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Masters of Manufacturing: Joseph F. Engelberger

This is the fifth annual installment in an article series we call Masters of Manufacturing. In these articles, we honor a distinguished figure in manufacturing technology, and by doing so, we hope to remind readers that a career of great achievement in manufacturing is still possible.


By Patrick Waurzyniak
Senior Editor 


Often called the "Father of Robotics," Joseph F. Engelberger earned his BS in physics and later an MS degree in electrical engineering at Columbia University before embarking on his career, starting as an automation engineer designing controls for nuclear and jet engine applications. In 1956, Engelberger began development of an industrial robot, and he later founded and served as the first president of Unimation Inc., builder of the world's first industrial robot, the Unimate, that was initially installed in a die-casting operation at a General Motors factory in New Jersey in 1961.

Author of numerous technical articles and two books on robotics, Robotics in Practice and Robotics in Service, Engelberger in 1984 founded a new company, Transitions Research Corp. which became HelpMate Robotics Inc., with the mission to give robots a spectrum of sensory perception enabling mobile, sensate robots to work with human mentors in service activities. The company's first successful service robot, HelpMate, was a robotic hospital courier. In 1999, HelpMate Robotics was sold to Cardinal Health, which merged it into its subsidiary Pyxis Corp.

Recipient of several honorary degrees and numerous international awards of recognition, Engelberger recently retired from active management, but he continues to pursue his dream of developing a two-armed, mobile, sensate, and articulate robot that could be a servant-companion for elderly and infirm individuals who otherwise would need nursing home care. Engelberger lives with his wife Marge in Newtown, CT. In an exclusive interview with Manufacturing Engineering, Engelberger discussed his life, his work, and his vision for the future of robotics.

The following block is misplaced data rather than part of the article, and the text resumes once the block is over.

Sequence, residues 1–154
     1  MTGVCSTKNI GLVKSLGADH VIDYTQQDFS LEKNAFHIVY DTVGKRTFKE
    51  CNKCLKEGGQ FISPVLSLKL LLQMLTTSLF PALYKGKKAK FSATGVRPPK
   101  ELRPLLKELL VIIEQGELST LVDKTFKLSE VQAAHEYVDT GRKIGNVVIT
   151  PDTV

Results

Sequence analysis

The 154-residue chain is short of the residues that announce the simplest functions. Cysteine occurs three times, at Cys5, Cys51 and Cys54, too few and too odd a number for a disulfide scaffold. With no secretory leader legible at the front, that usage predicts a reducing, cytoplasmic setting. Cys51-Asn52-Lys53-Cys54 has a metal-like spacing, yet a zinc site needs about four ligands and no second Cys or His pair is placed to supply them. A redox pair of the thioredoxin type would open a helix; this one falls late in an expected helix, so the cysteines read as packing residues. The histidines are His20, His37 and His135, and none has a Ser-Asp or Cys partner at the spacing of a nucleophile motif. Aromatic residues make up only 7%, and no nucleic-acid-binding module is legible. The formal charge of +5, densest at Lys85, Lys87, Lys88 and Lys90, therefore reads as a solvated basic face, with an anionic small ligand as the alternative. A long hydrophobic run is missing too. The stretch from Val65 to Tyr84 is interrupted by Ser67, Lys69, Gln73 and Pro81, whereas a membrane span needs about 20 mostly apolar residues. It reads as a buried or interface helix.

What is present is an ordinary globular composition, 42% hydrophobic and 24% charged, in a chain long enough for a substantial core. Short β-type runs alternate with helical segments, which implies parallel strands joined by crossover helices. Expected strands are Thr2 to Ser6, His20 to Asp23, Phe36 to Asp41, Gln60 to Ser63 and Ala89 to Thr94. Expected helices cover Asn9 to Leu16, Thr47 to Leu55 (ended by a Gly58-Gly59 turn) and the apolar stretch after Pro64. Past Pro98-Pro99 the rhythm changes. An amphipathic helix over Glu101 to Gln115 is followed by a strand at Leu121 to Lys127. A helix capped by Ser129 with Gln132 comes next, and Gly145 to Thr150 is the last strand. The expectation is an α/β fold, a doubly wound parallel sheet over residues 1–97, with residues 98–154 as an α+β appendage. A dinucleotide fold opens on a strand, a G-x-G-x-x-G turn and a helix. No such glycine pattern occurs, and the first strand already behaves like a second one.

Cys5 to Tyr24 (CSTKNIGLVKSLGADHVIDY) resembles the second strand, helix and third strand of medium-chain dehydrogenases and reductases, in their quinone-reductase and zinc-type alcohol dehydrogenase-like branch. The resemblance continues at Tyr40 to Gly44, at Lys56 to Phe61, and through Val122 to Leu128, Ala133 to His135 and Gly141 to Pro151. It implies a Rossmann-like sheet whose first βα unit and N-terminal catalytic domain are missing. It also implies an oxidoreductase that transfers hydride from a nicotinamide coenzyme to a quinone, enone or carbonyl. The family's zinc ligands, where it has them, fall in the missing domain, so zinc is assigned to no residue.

Manufacturing Engineering: When did you start thinking about robots?

Joseph Engelberger: I went to Columbia University under the auspices of the Navy V12 program, and I followed some years behind Isaac Asimov, who wrote the book I, Robot; incidentally, the movie doesn't do it justice. That inspired me, and I had it in the back of my mind that that was a great thing to do. The Navy made a physicist of me, and it was nice to get out of the Navy and have a whole bunch of companies wonder what a physicist was. So it was very easy for me to get a job, and I went into manufacturing, developing and manufacturing controls for jet engines and for nuclear power plants. The Navy had me from 1942-46 before they let me out, and I was working on the atom bomb project down at Bikini Island before that, so I had a lot of background.

ME: Were you a fan of Isaac Asimov's writing?

Engelberger: I was a big fan and years later, when we had our robot company going, I invited him in to speak to our employees. One of the things he said was, 'I wrote these stories to pay for my college education. I didn't think anybody would really do it.' He was an inspiration, and then a peculiar thing happened. I was in the business of high-tech nuclear controls and at a cocktail party, I met a guy named George Devol. He had a patent, called Programmable Manipulator; I looked at it and said, 'You know what? That sounds like a robot to me.' So I had the company I was with then take a license under that patent. My position was, 'If I look at what we do in controls today, we have the technology to do this. We could make an industrial robot.'

ME: This was in 1956?

Engelberger: Yeah. At that point, in the company I had a few people working on what the market conditions could be, and I think that's very important, because other companies that would try to compete later on failed. We visited 15 companies in Bridgeport, Connecticut. We visited General Motors, Ford, and Chrysler, and came up with what this thing should do to be satisfactory in this industry—and out of that came the design of the Unimate.

ME: What company were you working for at the time?

Engelberger: Manning, Maxwell, and Moore. Mr. Moore, who was my immediate boss, came to my defense, and I was able to get money to buy a little operation in Danbury. I got outside directors and convinced them to give me a chance to raise some money. They gave me three months to raise the money, then after that I took over the license. We didn't have the capability to do the robot thing anymore, so I got the license from George Devol. We started modestly to get the development going again. It wasn't until 1961 that we had a machine ready to go and working. We placed it in a General Motors plant in Ternstedt, New Jersey, on a die-casting operation.

ME: How were robots integrated into factories?